Out of all the multitudes of my ancestors that came to the US, I have found only one, so far, that came through Ellis Island. Most of my ancestors came before it was opened, and in fact I think Frederick was one of the last branches of my family to come to this country, on my side and my husband’s with many of them coming over in the early 1800s or even as far back as the 1700s. On my husband’s side (not counting his Native American ancestor-to be written about on a future week, his earliest ancestor was born in the US in 1685 in Virginia. On my mom’s side the earliest ancestor born here was in 1669 in Maryland. So with such deep roots here in the Us, it was exciting to finally find someone who actually came through the famed Ellis Island! Unfortunately, however, I know very little about him. His name was Fredrico Von Reighel, and he shortened his name to Frederick Reighel. He was my great grandfather on my dad’s side. I mentioned his wife Elsa Holle briefly in my first post about her father Gustav Holle.
Frederick left for America from South Hampton, England aboard the ship St. Paul.
According to the Ellis Island ship Manifest, Frederick was 28 when he came to America on Sept 10, 1910, which means he was born around 1882. His nationality was Austrian, and his last residence had been in Triest, which was part of Austria at the time. He had been staying with his uncle (I can’t read the name on the manifest) and was planning to go to stay with his cousin (name also unreadable look like maybe Wilhelm Muller) at the Hotel Franklin in Philadelphia, PA. The very city where my great grandmother (and his future wife) was currently living. Frederick was apparently only 5 feet tall (or he was 5″6″ and it’s just a super sloppy looking 6 on the manifest-this guy writing everything down had horrible handwriting!) Frederick’s marks of identification were a blister wart on his left forearm.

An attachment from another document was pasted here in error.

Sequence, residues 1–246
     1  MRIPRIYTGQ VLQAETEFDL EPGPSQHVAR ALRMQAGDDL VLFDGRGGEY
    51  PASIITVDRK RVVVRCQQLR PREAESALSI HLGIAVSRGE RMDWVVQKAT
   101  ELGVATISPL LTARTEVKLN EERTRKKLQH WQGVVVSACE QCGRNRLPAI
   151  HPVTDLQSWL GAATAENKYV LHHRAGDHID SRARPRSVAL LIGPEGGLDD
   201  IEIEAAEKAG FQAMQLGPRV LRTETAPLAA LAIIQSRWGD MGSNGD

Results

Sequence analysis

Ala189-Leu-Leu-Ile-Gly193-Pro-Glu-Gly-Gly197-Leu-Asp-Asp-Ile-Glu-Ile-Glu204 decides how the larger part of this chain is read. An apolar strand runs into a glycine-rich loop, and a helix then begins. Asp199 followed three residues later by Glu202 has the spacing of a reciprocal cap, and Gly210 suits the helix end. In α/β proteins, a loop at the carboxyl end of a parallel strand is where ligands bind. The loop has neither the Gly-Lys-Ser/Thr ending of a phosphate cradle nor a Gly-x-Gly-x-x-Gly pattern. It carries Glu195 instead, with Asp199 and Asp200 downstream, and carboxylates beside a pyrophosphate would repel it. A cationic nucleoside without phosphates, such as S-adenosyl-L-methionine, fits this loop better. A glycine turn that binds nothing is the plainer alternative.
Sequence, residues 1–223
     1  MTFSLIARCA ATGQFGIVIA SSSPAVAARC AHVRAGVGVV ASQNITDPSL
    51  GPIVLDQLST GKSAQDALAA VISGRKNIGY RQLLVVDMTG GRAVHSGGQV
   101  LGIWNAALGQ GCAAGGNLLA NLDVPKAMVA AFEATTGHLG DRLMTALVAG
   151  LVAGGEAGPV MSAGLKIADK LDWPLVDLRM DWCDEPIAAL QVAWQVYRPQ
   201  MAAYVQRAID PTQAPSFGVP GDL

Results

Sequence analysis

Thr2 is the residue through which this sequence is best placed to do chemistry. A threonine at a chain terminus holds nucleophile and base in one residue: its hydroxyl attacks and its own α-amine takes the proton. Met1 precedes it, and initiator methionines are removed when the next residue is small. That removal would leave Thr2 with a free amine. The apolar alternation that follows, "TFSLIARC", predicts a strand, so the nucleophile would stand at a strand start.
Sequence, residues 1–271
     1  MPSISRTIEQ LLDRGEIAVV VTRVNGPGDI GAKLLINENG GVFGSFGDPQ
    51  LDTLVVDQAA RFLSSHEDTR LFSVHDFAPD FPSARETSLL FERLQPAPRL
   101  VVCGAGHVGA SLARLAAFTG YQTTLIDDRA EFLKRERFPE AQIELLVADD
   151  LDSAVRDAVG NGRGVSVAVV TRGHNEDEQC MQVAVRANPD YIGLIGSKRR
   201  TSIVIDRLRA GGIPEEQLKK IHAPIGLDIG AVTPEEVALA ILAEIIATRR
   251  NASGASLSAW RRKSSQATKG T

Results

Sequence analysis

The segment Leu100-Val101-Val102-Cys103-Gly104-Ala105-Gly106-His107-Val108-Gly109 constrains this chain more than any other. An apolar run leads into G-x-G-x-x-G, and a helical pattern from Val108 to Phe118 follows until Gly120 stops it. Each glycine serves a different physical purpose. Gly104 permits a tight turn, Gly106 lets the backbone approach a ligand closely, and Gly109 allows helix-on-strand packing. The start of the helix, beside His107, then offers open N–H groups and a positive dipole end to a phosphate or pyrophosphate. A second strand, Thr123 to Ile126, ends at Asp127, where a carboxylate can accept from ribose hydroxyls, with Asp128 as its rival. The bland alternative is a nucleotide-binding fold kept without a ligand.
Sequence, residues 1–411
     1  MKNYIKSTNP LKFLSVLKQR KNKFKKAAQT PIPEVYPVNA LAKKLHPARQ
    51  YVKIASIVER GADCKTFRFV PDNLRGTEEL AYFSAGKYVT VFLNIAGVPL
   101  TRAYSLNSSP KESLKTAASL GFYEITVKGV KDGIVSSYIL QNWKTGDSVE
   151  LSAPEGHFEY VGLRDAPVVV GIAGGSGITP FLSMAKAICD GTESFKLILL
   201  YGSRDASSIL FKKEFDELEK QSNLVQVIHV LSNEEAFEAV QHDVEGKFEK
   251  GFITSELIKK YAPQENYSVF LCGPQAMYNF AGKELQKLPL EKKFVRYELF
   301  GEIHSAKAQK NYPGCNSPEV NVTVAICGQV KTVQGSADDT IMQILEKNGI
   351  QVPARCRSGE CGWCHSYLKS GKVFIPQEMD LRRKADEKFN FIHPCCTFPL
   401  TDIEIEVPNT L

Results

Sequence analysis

According to the Philadelphia Marriage License Index, Frederick Reighel married Elsa Holle in 1914. They had a daughter, Anna Dorthea, on November 23 1914.
I recently discovered a little more about what became of Frederick on his father in law Gustav’s passport application! It stated that he was in contempt of court and had not been seen or heard of for 5 years. This was written in 1921.
And that is the last bit of information I have on Frederick Reighel. This is one of the MANY times that I wished I’d been interested in genealogy back when my grandparents were still alive. And this makes me so glad I am doing this now before even more stories are lost through the ages.
and a scrapbook page dedicated to Frederick Reighel